1. Welcome to SportsJournalists.com, a friendly forum for discussing all things sports and journalism.

    Your voice is missing! You will need to register for a free account to get access to the following site features:
    • Reply to discussions and create your own threads.
    • Access to private conversations with other members.
    • Fewer ads.

    We hope to see you as a part of our community soon!

When a coach says a naughty word (GASP!) ...

Discussion in 'Journalism topics only' started by TyWebb, Jun 25, 2007.

  1. TyWebb

    TyWebb Well-Known Member

    but the quote is a good one that needs to make it in, how does your paper handle it? I read in a major metro today a writer replace the dirty word with a funny synonym. Instead of shit, he used [doody]. I found it a little strange and immature.
  2. Gutter

    Gutter Well-Known Member

  3. chazp

    chazp Active Member

    What he said.. I've seen it that way dozens of times over.
  4. Hustle

    Hustle Guest

    That may work for an adjective, but more clarity is nicer - i.e., synonym - if it's a noun. "He's a dirty [expletive]," Joe Bagodonuts said.
  5. budcrew08

    budcrew08 Active Member

    USA Today had something similar when they reported that Kyle Petty dropped the f-bomb on national TV during the race at Sonoma.
    They used "what the F-?"
    I don't mind seeing that or using [expletive], but doody? You've got to be [expletive] me!
  6. Clever username

    Clever username Active Member

    From Amy K. Nelson's story on Russell Martin on ESPN.com:

    When Martin's name was recently mentioned to one National League talent evaluator, he responded with a short, simple line: "Martin is very, very, very good."

    But, why?

    "He does everything well and plays his [butt] off."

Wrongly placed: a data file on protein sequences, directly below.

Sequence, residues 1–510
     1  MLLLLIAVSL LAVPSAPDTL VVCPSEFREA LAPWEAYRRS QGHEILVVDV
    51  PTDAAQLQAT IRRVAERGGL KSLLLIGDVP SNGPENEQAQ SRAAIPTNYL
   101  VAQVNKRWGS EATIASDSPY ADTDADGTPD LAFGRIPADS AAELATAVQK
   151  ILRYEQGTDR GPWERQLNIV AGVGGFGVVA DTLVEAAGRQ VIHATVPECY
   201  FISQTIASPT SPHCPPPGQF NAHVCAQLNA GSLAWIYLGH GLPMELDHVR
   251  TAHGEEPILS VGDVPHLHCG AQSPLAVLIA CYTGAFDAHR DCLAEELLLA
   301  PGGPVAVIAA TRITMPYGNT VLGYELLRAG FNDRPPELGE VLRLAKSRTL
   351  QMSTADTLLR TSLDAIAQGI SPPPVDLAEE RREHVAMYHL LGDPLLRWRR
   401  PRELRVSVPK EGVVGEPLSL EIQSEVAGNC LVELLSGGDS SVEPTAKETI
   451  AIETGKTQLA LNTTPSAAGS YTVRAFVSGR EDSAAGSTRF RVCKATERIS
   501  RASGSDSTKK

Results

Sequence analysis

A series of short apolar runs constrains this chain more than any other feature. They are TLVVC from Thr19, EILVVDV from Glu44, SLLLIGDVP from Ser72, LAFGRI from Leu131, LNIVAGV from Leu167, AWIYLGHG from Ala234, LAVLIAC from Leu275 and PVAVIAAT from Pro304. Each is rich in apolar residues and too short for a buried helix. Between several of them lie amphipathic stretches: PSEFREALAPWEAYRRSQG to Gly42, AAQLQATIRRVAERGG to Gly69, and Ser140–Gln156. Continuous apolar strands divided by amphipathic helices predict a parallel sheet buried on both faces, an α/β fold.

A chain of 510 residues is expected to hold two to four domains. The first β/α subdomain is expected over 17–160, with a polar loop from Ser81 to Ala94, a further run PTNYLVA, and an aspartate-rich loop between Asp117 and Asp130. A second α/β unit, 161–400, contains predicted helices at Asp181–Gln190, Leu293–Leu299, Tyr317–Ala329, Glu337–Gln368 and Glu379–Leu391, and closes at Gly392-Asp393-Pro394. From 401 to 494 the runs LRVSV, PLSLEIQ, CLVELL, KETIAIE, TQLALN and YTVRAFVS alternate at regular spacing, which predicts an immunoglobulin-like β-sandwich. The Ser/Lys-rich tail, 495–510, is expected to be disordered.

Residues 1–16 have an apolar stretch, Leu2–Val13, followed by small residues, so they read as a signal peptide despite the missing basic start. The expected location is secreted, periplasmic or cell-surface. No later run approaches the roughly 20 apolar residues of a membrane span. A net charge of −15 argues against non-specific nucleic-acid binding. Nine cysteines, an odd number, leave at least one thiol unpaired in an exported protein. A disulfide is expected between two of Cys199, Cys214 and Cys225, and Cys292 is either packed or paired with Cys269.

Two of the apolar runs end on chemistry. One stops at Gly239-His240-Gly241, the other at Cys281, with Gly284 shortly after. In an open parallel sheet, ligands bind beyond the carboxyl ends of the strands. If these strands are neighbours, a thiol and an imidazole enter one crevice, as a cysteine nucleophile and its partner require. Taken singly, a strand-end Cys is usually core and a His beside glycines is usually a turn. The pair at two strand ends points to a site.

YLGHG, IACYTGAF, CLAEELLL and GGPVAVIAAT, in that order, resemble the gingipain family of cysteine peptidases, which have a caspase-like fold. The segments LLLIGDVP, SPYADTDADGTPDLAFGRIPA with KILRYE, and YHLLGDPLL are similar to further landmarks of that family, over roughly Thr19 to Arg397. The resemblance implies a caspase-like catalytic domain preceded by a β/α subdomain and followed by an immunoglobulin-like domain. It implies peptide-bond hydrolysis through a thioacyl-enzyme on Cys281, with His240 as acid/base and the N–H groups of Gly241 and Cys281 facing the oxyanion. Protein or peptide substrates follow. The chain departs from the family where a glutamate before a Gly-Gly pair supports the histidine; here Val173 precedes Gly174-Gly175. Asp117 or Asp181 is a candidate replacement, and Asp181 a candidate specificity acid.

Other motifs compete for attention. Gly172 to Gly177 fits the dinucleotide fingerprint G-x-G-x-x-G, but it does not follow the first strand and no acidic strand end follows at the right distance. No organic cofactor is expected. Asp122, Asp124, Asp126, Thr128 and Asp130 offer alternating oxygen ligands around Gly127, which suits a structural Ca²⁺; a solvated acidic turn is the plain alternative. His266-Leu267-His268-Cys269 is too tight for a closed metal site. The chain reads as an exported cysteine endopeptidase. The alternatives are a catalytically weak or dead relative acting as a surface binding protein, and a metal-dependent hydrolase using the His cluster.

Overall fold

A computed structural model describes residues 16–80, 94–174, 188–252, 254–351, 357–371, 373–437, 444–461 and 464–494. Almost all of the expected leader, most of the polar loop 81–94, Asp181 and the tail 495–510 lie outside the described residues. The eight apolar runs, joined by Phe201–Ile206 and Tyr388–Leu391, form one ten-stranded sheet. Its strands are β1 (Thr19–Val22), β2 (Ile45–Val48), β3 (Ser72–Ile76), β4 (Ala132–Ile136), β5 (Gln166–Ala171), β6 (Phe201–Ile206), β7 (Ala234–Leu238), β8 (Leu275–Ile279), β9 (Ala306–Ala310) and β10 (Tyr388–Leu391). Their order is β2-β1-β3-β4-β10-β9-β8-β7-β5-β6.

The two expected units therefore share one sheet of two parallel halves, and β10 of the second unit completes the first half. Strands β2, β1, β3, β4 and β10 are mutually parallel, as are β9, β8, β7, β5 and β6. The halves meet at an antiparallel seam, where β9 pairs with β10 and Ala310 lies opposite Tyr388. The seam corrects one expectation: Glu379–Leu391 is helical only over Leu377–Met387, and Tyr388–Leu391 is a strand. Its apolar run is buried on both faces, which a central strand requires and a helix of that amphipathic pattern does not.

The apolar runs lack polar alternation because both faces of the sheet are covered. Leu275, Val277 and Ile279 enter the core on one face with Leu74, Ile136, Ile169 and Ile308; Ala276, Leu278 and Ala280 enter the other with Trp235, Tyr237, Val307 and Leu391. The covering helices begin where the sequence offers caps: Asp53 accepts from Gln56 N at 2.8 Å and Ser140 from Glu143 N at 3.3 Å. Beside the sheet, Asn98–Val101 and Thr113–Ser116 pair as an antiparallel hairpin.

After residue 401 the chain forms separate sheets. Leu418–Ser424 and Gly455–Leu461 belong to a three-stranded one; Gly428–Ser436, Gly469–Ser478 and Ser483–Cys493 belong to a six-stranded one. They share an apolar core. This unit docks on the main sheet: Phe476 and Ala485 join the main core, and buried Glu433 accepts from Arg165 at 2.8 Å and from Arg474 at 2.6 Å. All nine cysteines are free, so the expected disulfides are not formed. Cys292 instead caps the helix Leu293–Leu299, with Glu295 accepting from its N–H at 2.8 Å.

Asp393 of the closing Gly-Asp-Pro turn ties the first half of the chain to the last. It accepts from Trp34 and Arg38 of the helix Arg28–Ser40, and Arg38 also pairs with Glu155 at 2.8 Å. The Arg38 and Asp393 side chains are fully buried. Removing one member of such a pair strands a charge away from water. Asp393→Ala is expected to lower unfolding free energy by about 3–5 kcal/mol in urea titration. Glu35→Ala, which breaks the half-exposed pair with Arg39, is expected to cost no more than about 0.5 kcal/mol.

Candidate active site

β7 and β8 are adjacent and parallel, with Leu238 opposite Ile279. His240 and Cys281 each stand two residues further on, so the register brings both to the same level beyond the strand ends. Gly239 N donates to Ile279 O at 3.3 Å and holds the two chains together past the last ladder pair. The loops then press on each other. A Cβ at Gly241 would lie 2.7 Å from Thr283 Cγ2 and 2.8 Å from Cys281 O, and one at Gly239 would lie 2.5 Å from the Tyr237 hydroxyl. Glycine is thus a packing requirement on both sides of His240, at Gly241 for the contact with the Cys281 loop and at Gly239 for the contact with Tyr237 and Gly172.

7. TyWebb

    TyWebb Well-Known Member

    Like in mine and Clever's example, I've seen several papers replace even the fairly harmless ones, damn = [darn] and hell = [heck]. Is there an AP style on which swears to use?
  8. Cadet

    Cadet Guest

    So then by that token, what are considered naughty words?

    Obviously the seven deadly words. But what about ass? Damn? Crap? Hell?

    What if a euphemism is used? "Joe Bagodonuts played like a pole smoker?"

    EDIT: beat me to it, webb
  9. Football_Bat

    Football_Bat Well-Known Member

    AP used to send out language alerts for even the Barry Switzer undercusswords (hell, damn and crap). They don't anymore. We incorporate these words and nobody complains.

    For other ones, I admit we're inconsistent. I once quoted Dale Earnhardt Jr. saying "tee-total shit" and inserted [expletive], but also I quoted a high school pitcher saying "he pissed me off real good" and inserted [ticked].
  10. SoSueMe

    SoSueMe Active Member

    CP (Canadian Press) now okays the use of expletives. And I agree.

    If they said it, they said it.

    It's not my job to police what parents' kids read. I report facts. The fact is he said "fuck." Deal with it. I didn't say it.

    Readers have the CHOICE to BUY our newspapers. It's not like we're forcing them to read us.

    They have a problem with what someone said, take it up with the person who said it.
  11. Some Guy

    Some Guy Active Member

    And most of them aren't. Maybe because our papers are filled with cuss words ;)

    No, seriously, the paper should be PG. The hells and damns are acceptable, but no self-respecting newspaper should print the word "fuck" without a fucking good reason.
  12. John

    John Well-Known Member

Draft saved Draft deleted

Share This Page